“Although the planned vaccine is based on XBB.1.5, EG.5, which is dominant right now, is so closely related that the vaccine should provide similar protection as it does for XBB.1.5,” says Dr. Chin-Hong.

Certain Groups Remain More Vulnerable to Severe COVID-19

As the CDC stresses, specific groups of people are more at risk of getting very sick from COVID-19. Adults ages 50 and older are more likely to need hospitalization, intensive care, or a ventilator to help them breathe. Most COVID-related deaths occur in people older than 65.

Individuals who are immunocompromised (have a weakened immune system) because of a medical condition or from immunosuppressive medications or treatments also face greater odds of severe illness, says the CDC. Underlying health conditions such as obesity, chronic pulmonary obstructive disorder, and heart disease heighten this risk as well.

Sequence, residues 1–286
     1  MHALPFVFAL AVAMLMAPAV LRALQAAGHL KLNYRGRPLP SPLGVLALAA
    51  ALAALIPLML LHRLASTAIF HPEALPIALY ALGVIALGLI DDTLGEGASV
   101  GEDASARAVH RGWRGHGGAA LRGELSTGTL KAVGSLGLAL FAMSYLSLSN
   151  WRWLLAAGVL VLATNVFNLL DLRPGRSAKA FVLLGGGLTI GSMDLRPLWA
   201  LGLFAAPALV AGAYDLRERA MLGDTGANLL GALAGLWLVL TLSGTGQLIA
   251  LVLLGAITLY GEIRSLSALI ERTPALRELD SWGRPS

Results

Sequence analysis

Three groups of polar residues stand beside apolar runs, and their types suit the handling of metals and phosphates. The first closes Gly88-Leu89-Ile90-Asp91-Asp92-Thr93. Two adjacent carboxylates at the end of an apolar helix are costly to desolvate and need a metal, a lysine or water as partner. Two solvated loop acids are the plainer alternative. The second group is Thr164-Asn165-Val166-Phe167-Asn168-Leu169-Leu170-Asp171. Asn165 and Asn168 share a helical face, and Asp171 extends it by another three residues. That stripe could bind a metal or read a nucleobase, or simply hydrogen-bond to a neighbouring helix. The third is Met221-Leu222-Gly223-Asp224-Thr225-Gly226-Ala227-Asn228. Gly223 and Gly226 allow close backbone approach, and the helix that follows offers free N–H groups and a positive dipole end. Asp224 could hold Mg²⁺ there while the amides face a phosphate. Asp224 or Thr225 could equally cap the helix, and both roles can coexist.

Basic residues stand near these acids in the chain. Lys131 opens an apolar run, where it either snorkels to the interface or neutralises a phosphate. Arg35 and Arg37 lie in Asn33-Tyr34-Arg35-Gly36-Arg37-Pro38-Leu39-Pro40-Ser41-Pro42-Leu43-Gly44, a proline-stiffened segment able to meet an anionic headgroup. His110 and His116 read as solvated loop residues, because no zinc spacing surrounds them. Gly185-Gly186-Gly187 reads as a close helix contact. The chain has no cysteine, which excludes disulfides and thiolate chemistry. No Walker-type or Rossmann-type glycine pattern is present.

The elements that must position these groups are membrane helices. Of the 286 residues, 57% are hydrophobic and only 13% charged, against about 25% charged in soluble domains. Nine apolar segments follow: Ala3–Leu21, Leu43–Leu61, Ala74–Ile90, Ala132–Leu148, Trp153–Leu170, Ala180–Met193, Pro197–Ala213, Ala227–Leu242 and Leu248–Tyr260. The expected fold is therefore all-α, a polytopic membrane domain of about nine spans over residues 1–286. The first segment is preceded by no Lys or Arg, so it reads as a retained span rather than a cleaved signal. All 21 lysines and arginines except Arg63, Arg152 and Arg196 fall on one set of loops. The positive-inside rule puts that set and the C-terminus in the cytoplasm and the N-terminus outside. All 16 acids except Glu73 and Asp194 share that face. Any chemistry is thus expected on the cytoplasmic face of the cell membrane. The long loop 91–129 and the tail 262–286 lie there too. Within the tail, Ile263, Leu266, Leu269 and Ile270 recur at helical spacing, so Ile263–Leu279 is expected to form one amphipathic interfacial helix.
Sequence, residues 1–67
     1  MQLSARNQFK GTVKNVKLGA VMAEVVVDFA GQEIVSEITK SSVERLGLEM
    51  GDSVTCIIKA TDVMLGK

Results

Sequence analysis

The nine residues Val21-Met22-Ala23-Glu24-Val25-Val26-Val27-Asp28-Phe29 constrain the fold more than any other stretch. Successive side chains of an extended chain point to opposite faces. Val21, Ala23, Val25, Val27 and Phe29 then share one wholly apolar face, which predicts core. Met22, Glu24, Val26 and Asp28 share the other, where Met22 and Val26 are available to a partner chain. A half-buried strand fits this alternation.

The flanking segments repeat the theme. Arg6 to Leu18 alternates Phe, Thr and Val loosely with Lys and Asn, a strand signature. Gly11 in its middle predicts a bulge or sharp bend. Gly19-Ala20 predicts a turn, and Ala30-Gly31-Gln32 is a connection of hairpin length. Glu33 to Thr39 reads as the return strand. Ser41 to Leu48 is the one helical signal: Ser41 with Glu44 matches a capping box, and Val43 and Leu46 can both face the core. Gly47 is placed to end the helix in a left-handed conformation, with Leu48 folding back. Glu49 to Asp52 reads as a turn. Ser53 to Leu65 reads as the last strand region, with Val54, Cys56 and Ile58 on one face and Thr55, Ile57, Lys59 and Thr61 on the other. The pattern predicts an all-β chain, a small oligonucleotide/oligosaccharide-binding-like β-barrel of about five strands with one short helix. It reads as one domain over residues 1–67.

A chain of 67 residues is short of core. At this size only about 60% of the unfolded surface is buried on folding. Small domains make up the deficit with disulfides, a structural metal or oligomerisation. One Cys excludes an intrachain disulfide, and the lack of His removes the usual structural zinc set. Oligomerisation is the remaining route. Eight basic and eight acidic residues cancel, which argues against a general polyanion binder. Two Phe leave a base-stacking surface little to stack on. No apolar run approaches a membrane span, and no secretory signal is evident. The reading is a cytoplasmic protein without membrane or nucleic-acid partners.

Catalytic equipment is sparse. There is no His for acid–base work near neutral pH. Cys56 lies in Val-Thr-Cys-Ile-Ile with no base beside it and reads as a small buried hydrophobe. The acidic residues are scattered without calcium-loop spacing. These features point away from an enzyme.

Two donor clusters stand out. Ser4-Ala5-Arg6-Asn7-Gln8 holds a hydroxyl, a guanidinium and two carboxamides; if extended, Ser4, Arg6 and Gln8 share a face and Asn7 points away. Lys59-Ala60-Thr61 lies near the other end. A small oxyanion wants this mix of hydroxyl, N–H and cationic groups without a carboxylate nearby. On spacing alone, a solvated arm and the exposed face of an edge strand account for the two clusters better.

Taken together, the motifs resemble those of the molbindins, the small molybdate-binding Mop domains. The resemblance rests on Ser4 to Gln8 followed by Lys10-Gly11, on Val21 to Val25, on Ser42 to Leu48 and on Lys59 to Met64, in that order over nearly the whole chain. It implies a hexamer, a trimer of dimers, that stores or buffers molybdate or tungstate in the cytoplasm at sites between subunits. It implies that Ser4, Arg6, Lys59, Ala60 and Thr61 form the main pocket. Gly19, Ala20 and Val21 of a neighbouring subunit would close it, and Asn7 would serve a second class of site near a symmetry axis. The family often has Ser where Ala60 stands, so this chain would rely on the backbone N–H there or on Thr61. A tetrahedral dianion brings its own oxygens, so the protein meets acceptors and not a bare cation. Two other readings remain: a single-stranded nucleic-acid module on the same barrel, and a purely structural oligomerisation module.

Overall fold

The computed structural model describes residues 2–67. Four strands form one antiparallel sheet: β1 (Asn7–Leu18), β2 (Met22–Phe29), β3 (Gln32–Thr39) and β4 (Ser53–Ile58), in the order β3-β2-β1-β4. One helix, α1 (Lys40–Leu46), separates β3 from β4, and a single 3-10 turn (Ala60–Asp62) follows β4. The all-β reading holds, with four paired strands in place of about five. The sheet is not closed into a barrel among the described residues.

Another group that has weakened defenses against the virus and can become very sick from infections are pregnant individuals and those who were recently pregnant.

Public health authorities advise those at increased risk to talk with a healthcare provider about taking extra precautions, such as wearing a mask, when hospital admission levels in their communities are medium or higher.

What Are the Symptoms of Eris? Should I Get Tested for COVID-19?

To help stop coronavirus spread, especially to these more vulnerable populations, Winslow urges everyone to get tested for COVID-19 if they have upper respiratory systems.

“Newer COVID-19 variants have very mild symptoms in general compared to the earlier variants, and can very much mimic the common cold,” he says. Common COVID-19 symptoms include:

“Most of us would want to know if we’re actually infected with COVID-19 so we can be especially careful and maybe avoid elderly relatives and others who are at greater risk of severe illness,” Winslow adds.

Since the nationwide public health emergency due to COVID-19 ended in May of this year, free testing has become harder to find. But the CDC offers an online tool to help people without health insurance find no-cost testing.

This content was originally published here.